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UAW Hikes Union Dues 25 percent

On June 2, the UAW's four-day constitutional convention commenced. And coming out of the convention is a really unpopular decision to increase union dues payments on union membership. On Tuesday, union delegates voted to increase dues payments by 25 percent, the first since 1960The Detroit News reports, "For a veteran autoworker making $28 an hour, the increase would cost $14 a month, or $168 a year. Newer union members in the lower $14-an-hour wage tier would pay half that amount." Unsurprisingly, the decision has been met with resistance from membership. The proposal of a dues hike prior to the convention had riled up membership. The Detroit News interviewed several members that conducted a last-ditch effort to kibosh the UAW dues hike initiative. Their statements to the paper highlight the current divide in UAW membership.

One dissenting member considered any dues increase a "slap in the face." Another UAW member, Gary Walkowicz, said the dues hike is "opposed by a large majority" of members and that derailing the dues hike it not about the money, but "really goes back to disagreeing with the leadership.”

But it is not a shock that UAW membership disagrees with leadership. The grassroots organization Union Conservatives, founded by UAW member Terry Bowman, notes that 40 percent of UAW membership is conservative. However, UAW's political spending goes almost exclusively to progressive causes and candidates.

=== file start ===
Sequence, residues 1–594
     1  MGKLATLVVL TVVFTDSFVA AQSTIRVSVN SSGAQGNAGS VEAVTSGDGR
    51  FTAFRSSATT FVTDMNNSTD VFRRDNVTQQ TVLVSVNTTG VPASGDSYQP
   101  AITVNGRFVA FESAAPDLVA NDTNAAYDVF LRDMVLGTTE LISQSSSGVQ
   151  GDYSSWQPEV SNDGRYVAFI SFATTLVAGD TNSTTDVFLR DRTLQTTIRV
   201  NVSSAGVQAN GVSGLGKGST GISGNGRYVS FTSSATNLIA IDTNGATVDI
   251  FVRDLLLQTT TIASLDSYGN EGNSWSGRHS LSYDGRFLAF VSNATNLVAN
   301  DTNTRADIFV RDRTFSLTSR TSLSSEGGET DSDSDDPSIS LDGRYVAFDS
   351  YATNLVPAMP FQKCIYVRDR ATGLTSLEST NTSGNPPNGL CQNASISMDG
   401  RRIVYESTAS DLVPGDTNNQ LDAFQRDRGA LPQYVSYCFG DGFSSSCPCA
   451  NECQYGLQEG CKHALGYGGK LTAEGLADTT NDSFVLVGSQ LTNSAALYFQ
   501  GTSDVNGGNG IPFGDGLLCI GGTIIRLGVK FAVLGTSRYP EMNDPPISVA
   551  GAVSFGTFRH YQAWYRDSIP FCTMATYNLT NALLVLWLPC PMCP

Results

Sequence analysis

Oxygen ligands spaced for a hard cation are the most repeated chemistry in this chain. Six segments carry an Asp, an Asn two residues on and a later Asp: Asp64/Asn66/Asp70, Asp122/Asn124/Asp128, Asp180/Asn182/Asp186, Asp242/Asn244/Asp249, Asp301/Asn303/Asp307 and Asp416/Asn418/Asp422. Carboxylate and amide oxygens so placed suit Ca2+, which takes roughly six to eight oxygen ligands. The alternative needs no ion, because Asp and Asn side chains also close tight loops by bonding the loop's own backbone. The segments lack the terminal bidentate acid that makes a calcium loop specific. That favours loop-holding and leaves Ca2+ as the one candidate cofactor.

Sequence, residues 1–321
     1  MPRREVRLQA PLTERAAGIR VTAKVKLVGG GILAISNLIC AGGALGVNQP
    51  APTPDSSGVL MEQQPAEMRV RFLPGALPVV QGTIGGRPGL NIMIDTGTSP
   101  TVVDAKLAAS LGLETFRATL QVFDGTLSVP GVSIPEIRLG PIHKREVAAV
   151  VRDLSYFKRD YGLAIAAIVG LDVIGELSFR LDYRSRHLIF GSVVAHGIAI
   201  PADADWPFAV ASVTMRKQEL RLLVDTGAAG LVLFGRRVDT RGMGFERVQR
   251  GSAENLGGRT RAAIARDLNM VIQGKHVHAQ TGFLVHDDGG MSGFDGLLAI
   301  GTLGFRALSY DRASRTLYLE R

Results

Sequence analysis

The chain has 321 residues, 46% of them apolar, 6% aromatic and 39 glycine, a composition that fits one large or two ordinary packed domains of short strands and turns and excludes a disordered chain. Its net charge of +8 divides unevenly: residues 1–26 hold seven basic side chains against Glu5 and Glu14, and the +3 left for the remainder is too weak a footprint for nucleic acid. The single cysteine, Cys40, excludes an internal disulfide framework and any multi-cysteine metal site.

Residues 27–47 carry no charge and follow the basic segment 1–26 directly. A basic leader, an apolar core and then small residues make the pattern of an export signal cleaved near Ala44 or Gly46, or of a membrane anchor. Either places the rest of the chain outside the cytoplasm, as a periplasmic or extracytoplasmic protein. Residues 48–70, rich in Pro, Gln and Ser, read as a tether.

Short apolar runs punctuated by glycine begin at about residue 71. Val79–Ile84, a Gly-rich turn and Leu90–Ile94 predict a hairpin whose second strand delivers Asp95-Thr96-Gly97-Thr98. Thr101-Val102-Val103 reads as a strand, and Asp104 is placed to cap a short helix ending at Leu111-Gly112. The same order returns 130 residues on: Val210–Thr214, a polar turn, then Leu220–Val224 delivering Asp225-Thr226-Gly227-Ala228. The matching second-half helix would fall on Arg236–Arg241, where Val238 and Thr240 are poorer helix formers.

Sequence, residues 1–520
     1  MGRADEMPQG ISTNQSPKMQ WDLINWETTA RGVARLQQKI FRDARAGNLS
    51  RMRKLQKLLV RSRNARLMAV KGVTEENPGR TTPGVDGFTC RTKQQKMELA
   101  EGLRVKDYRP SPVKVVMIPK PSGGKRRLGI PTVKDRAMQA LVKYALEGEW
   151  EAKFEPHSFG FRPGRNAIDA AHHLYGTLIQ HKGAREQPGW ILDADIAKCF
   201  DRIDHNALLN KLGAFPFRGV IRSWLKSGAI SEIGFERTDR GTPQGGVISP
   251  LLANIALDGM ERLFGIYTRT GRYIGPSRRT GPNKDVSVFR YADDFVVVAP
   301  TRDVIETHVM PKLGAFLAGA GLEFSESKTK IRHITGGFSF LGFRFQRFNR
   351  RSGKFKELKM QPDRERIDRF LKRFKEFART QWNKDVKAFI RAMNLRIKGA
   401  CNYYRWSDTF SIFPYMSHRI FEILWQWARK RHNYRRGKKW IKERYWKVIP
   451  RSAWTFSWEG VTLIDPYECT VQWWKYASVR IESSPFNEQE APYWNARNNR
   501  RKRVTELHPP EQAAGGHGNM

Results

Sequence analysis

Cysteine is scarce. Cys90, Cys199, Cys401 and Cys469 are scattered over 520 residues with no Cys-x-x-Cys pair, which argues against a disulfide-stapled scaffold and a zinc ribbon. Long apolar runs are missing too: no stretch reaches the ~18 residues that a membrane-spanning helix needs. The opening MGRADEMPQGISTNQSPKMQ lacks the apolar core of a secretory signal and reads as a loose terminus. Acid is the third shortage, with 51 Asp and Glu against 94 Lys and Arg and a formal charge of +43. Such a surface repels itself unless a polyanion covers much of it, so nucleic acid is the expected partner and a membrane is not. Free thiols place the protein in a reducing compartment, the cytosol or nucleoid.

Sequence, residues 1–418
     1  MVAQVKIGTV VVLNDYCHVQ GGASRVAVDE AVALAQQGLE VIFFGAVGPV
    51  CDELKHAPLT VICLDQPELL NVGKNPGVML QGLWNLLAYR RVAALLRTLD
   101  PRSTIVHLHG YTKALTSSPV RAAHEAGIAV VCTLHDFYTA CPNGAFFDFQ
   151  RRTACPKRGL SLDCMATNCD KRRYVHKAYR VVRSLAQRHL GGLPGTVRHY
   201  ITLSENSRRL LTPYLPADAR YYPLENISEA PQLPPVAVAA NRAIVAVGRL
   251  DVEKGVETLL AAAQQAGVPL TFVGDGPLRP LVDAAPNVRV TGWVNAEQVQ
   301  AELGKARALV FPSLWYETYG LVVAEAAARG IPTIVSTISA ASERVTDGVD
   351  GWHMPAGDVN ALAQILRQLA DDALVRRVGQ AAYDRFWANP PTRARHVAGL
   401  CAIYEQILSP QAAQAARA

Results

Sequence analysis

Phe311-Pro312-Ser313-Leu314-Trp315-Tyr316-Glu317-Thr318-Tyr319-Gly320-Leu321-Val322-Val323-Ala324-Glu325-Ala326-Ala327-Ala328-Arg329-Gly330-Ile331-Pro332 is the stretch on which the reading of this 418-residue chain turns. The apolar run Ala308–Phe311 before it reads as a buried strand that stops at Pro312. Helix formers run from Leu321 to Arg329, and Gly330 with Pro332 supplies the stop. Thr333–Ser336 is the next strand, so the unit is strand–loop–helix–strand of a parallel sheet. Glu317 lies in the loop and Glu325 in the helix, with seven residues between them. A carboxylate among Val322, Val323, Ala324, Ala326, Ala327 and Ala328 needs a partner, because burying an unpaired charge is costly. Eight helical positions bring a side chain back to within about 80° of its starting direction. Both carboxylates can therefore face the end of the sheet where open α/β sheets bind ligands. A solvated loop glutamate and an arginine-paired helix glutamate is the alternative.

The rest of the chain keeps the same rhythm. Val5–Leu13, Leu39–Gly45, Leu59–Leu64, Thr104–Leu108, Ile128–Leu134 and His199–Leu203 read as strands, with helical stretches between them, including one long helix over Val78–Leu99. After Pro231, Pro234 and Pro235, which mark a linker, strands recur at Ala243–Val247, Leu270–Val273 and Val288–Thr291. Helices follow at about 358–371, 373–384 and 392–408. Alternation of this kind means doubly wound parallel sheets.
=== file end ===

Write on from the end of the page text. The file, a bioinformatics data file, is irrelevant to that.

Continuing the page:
Another reason members question the legitimacy of a dues increase is related to the recent failed and expensive organizing campaigns. For example, the UAW spent years and around $5 million in a failed effort to organize the Volkswagen plant in Chattanooga, Tennessee. Similarly, the UAW has conducted a multi-year campaign to organize a Nissan plant in Mississippi, which has failed up to this point.

Further, a recent letter written by a disgruntled UAW member, highlights the turmoil within the union. The letter questions the politics of the UAW, misuse of union funds by leadership, and considers the union's claims that it is a "democratic" union as hypocritical (see full letter here).

While UAW leadership grandstands at the convention and pays lip service to solidarity -- and UAW officer T.J. Perez makes comments such as, "If you opt out of the union because of a half-hour dues increase, you were never in the union" -- their actions show that those holding power within the UAW are out of touch with the concerns of membership and need to be removed.